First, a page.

My husband and I are maxing out our 401(k) and IRA contributions. Are there other tax-advantaged places we could be putting more money away? What options do we have to save more for retirement? We are debt free, with the exception of the mortgage, which we refinanced to 15 years three years ago at less than 4 percent APR. All cars are paid for. We have no kids, so college savings is not required. — Pamela
Congratulations on being on track to a secure retirement! There are several tax-advantaged options you may want to consider, but none are as straightforward as 401(k)s and IRAs. There is no free lunch. Some high-income investors choose to invest in variable annuities, which offer the benefits of tax deferral but with disadvantages such as generally higher costs and reduced liquidity. For these reasons I usually don’t recommend this direction. Here are five other options you should consider.
1. Consider investing in Roth options. Hopefully your 401k provider offers a Roth option, which allows you to make after-tax contributions, but all earnings and withdrawals in retirement are tax free. This feature could be very valuable indeed if you believe that your income tax rate may be the same or higher when in retirement.
2. Contribute to a Health Savings Account. To qualify for an HSA, you need a high-deductible health insurance policy, whether it’s through an employer or on your own. The annual contribution in 2014 is $6,450 (for a family plan) plus an additional $1,000 if you are 55 or older. HSA contributions are tax deductible, and as long as funds are withdrawn to pay eligible medical expenses, no taxes are paid on withdrawals. HSA funds can be invested for long-term growth and held until you retire, at which point it can provide tax-free income by reimbursing you for past and current eligible medical expenses, including Medicare premiums.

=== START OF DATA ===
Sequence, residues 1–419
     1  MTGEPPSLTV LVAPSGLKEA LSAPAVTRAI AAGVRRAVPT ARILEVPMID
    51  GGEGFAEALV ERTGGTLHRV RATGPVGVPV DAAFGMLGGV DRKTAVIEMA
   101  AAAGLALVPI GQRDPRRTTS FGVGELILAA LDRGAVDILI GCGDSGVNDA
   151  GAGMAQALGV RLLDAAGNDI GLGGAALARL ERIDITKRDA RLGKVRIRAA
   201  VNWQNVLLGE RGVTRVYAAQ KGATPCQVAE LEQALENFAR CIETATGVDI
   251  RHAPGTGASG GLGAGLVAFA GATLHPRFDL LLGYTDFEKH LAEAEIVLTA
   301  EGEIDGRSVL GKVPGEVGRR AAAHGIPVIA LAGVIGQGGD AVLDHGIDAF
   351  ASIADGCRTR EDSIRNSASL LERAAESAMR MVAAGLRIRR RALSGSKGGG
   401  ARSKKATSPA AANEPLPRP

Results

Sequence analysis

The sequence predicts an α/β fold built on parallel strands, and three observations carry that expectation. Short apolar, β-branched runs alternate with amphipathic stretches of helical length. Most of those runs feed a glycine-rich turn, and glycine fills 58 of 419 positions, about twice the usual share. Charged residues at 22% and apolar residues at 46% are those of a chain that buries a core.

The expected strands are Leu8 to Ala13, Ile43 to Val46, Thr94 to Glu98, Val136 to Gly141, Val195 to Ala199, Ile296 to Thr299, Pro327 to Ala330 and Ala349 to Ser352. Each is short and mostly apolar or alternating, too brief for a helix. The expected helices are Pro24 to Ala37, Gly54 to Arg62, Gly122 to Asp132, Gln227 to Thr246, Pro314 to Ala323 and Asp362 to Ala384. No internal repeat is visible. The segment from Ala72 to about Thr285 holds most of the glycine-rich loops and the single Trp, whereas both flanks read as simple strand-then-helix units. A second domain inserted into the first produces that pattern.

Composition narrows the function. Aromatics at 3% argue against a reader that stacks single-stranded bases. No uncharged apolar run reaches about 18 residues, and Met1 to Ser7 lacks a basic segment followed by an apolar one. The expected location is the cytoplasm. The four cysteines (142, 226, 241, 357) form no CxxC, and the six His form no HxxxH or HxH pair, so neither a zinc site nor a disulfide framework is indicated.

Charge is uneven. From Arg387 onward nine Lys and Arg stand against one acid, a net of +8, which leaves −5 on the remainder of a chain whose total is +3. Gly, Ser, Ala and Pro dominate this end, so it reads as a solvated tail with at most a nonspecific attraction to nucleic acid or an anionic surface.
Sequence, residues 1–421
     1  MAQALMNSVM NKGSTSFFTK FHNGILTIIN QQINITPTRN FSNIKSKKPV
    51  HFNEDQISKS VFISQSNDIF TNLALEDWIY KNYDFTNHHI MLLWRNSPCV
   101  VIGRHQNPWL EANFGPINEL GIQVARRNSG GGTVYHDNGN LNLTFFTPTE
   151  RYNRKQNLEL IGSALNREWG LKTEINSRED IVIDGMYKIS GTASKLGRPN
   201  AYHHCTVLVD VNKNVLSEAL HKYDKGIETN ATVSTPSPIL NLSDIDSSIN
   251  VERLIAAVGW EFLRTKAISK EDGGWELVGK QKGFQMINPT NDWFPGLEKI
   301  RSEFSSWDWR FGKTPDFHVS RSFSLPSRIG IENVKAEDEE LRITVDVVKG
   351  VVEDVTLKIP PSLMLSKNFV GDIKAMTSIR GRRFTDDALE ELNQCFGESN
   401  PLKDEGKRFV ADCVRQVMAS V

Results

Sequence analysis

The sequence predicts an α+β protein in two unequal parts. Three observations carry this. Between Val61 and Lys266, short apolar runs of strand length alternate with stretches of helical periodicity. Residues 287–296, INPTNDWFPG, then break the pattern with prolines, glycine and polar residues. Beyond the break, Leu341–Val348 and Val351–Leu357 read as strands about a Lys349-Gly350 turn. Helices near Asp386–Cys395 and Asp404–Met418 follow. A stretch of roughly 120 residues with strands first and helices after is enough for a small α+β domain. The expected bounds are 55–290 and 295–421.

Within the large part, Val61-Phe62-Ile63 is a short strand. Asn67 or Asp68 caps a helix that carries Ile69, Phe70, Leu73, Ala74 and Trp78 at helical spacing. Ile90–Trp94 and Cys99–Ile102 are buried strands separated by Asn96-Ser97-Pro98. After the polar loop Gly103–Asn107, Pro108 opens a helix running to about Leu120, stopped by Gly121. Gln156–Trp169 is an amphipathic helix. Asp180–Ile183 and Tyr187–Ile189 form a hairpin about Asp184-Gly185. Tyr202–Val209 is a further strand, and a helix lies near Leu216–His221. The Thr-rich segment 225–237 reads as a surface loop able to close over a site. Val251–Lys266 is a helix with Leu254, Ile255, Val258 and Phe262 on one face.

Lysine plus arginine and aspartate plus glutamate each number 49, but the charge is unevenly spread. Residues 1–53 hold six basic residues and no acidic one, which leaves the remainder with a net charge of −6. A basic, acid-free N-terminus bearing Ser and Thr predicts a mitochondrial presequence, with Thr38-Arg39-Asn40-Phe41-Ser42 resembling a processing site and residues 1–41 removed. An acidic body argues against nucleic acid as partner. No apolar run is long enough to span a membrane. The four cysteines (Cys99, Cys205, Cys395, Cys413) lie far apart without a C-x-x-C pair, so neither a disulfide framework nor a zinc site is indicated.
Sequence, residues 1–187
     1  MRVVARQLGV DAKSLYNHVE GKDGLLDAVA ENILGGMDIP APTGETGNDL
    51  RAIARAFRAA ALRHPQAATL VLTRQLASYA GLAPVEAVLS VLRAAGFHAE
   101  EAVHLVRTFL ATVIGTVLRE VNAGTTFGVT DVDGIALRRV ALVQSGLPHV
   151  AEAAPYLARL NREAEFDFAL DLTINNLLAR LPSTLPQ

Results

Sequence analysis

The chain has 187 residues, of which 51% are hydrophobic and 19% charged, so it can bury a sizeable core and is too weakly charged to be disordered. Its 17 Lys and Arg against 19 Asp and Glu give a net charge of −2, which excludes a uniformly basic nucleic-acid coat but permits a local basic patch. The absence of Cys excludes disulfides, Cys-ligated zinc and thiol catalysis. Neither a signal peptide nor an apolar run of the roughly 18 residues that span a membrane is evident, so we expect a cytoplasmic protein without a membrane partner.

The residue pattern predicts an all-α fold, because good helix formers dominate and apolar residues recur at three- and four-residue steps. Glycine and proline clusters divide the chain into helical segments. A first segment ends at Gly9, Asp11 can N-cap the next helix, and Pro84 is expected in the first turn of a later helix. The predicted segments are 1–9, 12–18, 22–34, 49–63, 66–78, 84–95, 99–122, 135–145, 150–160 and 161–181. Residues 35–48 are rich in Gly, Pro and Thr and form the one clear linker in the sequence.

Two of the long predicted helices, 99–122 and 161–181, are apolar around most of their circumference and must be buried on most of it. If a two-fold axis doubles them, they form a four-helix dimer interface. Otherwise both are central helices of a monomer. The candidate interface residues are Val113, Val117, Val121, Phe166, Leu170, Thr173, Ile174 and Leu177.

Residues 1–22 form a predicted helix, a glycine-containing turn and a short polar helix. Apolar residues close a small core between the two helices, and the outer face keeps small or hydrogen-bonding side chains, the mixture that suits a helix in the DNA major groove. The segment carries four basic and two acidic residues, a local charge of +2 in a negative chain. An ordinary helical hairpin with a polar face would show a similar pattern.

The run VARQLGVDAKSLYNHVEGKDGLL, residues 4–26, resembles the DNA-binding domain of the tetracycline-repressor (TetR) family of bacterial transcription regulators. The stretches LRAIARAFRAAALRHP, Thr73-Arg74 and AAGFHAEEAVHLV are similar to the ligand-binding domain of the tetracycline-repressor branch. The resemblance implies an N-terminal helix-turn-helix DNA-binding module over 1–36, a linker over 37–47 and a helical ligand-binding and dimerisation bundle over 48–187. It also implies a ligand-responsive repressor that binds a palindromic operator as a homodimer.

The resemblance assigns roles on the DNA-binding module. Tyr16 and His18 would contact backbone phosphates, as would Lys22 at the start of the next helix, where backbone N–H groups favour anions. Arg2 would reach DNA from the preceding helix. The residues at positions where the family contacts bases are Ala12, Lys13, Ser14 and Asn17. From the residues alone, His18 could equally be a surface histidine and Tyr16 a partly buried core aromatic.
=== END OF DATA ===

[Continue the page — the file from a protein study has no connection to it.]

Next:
3. Invest in low turnover, tax-sensitive strategies, such as index funds. Investing in a low-turnover strategy allows your capital to compound tax-free, although dividends would still be taxed annually. An S&P 500 Index fund, for example, distributes few, if any, capital gains on an annual basis. In retirement, the capital gain portion of the withdrawals will most likely be taxed at rates preferential to your 401(k) income. Many investment managers also employ tax overlays to invest portfolios in a tax-efficient manner.
4. Invest in master limited partnerships (MLPs) that pay tax-advantaged income. MLP dividends (called distributions) are comprised mostly of nontaxable “return of capital” due to depreciation deductions. After 10 to 20 years, this tax shelter will probably be diminished if not exhausted, but if you pass the shares on to your heirs, they get to start the process over again with a step-up basis. However, be careful to maintain diversification and invest only a small portion of your assets in such a focused segment of the market.
5. Ensure that your retirement assets are invested correctly for the long term. This is the most important thing you can do. For example, assuming you are at least 10 years from retirement, you may want to have your assets heavily weighted toward equities versus bonds (if they aren't 100 percent equities already). In the short term, you will likely have more volatility, but, while past performance is no guarantee of future results, stocks have historically outperformed bonds.